Constructing the route would cost slightly more than $30 million per linear mile, which is roughly 60 to 70 percent the cost of high-speed rail, he said. The study also revealed a travel time savings of 85 percent. That's key for hyperloop, he said, because the company wants travelers to use the system because it's fast, cheap and easy, not because they don't have another option.

Ongoing progress

What also stands out about Missouri is it's not resting on its laurels and putting the feasibility study on a shelf, Walder said.

It continues to make progress, evidenced by the formation of the Blue Ribbon Panel on Hyperloop, a bipartisan panel comprised of state lawmakers, Lt. Gov. Mike Kehoe, higher education and engineering leaders, and other private-sector members. They're asking the right questions and then accelerating the process for getting them answered. 

"Missouri is clearly putting out its stake that it would like to be a leader in hyperloop, and I love that," he said. 

Next on Hyperloop One's agenda is identifying a site to build a larger test track that would span eight to 15 miles. It's also working to identify locations for building out a research-and-development/center of excellence hub. It's not out of the question that it could be built in Missouri. 

Walder expects the company's first route to be built before the end of the next decade. 

"We have the potential to connect cities the way we connect metro stops. It's really exciting," he said. "I'm thrilled Missouri is taking such a leadership position in driving forward."

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Where Texas stands with hyperloop

Only three months ago, another Virgin Hyperloop executive, Assistant General Counsel Nathan Roth, said Texas was "basically ... in the lead" for a hyperloop route because transportation officials in the Dallas area had started a federal environmental impact study — something he said no other area had done.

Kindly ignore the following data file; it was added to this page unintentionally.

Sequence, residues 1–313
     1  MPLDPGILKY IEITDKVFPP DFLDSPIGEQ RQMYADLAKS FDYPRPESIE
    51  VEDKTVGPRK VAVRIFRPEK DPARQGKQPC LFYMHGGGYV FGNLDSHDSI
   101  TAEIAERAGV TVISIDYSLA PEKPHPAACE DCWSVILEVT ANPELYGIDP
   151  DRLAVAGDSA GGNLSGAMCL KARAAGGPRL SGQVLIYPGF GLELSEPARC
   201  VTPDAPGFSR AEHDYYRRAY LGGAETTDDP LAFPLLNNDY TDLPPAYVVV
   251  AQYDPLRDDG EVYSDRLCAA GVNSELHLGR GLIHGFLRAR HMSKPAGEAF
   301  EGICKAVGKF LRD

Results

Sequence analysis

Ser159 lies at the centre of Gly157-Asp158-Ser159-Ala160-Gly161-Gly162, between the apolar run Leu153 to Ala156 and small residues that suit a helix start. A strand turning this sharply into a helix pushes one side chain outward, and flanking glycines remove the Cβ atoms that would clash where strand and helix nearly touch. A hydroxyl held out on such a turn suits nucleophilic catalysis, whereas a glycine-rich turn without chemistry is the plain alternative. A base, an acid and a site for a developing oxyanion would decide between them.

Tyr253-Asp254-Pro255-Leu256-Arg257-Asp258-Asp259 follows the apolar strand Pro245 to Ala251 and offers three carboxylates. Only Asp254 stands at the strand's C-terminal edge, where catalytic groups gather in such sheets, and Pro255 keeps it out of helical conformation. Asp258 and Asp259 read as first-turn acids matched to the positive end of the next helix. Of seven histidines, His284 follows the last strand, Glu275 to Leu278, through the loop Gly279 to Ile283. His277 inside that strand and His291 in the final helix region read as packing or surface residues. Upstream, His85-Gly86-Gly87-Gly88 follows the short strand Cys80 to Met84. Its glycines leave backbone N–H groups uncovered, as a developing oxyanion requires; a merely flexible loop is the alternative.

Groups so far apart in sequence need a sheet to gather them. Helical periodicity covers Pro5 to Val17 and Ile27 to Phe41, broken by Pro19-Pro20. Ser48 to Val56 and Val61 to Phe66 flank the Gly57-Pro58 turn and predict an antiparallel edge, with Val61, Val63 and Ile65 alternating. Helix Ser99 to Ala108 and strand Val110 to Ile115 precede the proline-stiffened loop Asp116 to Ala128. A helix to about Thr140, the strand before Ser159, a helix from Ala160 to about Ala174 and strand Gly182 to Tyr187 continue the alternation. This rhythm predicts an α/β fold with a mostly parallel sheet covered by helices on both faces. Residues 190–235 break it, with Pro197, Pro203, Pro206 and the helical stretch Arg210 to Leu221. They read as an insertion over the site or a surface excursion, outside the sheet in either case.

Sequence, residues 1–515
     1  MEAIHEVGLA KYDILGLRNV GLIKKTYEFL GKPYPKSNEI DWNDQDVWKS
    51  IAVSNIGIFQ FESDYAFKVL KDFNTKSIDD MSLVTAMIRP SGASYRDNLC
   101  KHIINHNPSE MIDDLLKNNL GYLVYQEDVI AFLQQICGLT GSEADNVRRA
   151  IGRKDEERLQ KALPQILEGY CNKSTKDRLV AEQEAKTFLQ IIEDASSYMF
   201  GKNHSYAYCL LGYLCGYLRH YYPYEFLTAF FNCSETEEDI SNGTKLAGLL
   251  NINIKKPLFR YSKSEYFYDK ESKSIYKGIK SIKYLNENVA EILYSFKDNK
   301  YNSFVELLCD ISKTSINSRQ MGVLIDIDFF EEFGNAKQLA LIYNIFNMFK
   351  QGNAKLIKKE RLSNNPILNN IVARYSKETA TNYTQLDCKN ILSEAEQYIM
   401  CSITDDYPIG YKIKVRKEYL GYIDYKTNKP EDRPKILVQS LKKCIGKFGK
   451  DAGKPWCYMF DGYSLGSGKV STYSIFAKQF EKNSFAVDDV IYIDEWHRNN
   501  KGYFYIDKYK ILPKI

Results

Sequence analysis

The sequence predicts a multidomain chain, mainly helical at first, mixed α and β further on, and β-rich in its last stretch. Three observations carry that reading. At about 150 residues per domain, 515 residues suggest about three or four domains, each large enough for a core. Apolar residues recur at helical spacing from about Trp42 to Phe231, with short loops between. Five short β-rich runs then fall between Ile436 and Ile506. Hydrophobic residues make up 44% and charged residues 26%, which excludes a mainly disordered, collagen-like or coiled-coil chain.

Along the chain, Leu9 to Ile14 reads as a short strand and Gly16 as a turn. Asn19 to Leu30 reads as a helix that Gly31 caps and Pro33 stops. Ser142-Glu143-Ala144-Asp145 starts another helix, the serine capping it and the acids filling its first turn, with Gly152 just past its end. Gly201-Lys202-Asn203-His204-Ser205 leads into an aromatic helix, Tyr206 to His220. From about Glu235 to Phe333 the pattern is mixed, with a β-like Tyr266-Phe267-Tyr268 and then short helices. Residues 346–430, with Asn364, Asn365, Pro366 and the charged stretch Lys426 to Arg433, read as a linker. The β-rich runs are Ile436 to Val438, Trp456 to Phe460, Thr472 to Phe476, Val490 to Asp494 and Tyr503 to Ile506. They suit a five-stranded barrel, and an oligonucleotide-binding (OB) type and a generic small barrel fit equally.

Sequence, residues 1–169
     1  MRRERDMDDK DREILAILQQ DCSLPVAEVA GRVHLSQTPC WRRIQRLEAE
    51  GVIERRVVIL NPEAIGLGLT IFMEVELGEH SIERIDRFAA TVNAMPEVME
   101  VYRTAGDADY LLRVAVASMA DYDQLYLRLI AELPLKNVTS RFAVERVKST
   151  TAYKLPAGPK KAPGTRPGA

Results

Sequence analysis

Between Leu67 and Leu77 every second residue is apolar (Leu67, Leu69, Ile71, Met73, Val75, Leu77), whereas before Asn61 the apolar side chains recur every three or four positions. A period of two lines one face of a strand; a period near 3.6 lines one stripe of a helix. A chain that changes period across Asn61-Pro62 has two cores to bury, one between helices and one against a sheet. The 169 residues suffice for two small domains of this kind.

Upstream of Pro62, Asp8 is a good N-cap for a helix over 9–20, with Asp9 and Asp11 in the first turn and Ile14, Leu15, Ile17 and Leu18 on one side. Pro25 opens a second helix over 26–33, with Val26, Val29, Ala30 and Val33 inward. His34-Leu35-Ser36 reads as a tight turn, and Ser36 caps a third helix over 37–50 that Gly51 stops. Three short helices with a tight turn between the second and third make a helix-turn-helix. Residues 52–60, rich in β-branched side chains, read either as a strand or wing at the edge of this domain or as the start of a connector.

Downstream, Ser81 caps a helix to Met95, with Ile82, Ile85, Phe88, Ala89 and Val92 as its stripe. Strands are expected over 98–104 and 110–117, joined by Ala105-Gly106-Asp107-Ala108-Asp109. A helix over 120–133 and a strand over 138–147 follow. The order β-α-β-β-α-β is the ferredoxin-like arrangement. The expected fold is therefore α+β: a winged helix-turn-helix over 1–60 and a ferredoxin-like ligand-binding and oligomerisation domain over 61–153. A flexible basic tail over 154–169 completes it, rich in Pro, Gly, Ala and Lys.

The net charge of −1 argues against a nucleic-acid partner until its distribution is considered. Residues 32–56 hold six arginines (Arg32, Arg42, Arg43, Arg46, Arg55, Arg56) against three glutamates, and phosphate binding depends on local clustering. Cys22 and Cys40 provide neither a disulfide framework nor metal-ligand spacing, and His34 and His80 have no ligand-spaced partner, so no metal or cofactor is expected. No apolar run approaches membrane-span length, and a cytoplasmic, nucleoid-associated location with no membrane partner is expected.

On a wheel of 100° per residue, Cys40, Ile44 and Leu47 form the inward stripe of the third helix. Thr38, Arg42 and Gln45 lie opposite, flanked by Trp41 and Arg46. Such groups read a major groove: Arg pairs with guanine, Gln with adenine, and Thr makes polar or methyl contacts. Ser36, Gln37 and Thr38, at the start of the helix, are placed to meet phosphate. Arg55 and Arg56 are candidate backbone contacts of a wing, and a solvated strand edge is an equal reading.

Such an impact study is different than what Missouri completed and was recently lauded by Walder. Missouri's study released in October was a nine-month feasibility report conducted by Black & Veatch and Olsson Associates. It focused on social impact, potential station locations, route alignments, regulator issues and rights-of-way access.

The process of securing a hyperloop route is indeed complex — so much so that the U.S. Department of Transportation in March launched an organization to help new transportation technologies such as hyperloop come to fruition quicker.

Virgin Hyperloop isn't the only company pushing the technology made popular by tech visionary Elon Musk. Earlier this year, it was reported that Transonic Transportation LLC, a Louisiana-based startup, is working on a hyperloop route in Texas that would transport freight. The company originally investigated a route that would move people.

"There's just no way we can do passenger transport in Texas in the next 20 years, so we ended up refocusing on freight," co-founder Josh Manriquez said in January. 

The freight route he now envisions would run from Laredo at the Mexico border to San Antonio.